-4
#include <iostream>
#include <fstream>

using namespace std;

int main() 
{
    ifstream in("input.txt");
    int i = 0,sum=0;
    char x;
    while (!in.eof()){
        in >> i;
        if (in.good()) {
            cout << "integer is " << i << endl; sum += i; 
        }
        if (in.fail()) {
            in.clear();
            in >> x;
            cout << "the char is " << x << endl;
        }
    }
    cout << sum;
    char z;
    cin >> z;
}

and my input.txt is like:

bear: sdf 23 okI am fine 11q , 45

and my screen output is like:

the last number 45 doesn't show up

So what happened here? why 45 is regarded as one out of file. And if I add a 's' immediately right next to 45, the screen will have two s showing up, rather than just one.

1
  • 1
    #inlcude -> #include Dec 20 '15 at 20:18
0

The problem is that when extracting symbols for 45,it tries to extract symbol after '5' (to check if number continues further) and sees end of file, setting eofbit. This makes in.good() test to fail. Suggestions:

while (!in.eof()){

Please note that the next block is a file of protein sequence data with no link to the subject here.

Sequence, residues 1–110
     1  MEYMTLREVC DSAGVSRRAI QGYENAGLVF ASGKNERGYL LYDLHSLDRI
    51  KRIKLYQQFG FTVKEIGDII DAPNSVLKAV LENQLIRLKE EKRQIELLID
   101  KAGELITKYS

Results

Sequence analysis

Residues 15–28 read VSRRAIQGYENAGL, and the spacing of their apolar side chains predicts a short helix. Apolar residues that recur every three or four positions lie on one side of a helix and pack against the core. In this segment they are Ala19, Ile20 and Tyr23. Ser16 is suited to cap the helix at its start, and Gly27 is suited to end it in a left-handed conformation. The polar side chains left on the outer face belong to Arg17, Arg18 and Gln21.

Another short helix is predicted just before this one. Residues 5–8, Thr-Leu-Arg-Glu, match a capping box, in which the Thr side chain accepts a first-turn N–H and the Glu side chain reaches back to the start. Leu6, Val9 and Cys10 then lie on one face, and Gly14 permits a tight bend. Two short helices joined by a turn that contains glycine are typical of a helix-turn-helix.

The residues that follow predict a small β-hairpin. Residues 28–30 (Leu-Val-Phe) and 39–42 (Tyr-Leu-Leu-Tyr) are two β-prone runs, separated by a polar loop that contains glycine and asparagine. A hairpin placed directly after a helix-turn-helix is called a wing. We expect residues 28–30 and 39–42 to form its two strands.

in >> i;
    if ( in ) { //Not .good(), just conversion to bool

Or

while (!in.eof()){
    if ( in >> i; ) { //both extraction and checking in same operation

Remember, .good() is not the same as checking stream state. .good() is telling if stream ready for further input. Bool conversion does ! .fail() and checks if last operation was executed succesfully

3
  • So, when the last time "in" reads 45, it's set by "std::ios::eof()". At this moment, .good() fails, while ! .fail() still return true. Dec 21 '15 at 18:55
  • @JiehongJiang Yes. Do not use good() to check success of previous operation. Both good and eof have very limited use and you should think twice before using them. In your case, usage of eof is one of those rare cases, but using while (in.good()){ instead of while (!in.eof()){ would be even better, as it captures critical stream failures (badbit) too. Dec 21 '15 at 19:02
  • Thanks! That helps a lot. Dec 21 '15 at 19:05
0

Well, "eof()" does work as expected, at least, how I expect it to work: it gets set when the stream somehow touches the end of file. If your file's last line actually ends with '5' rather than a newline, reading an integer stops due to touching newline and std::ios_base::eofbit gets set. Since std::ios::good() returns false if any bit is set, include std::ios_base::failbit the last value wouldn't be printed.

In general, eof() is more often misused than appropriately used. Essentially the only reasonable uses of eof() is to verify if the entire stream was consumed or to suppress an error message if eof() is set as it is expected that input fails at the end of the stream. Likewise, there is generally little use for std::ios::good().

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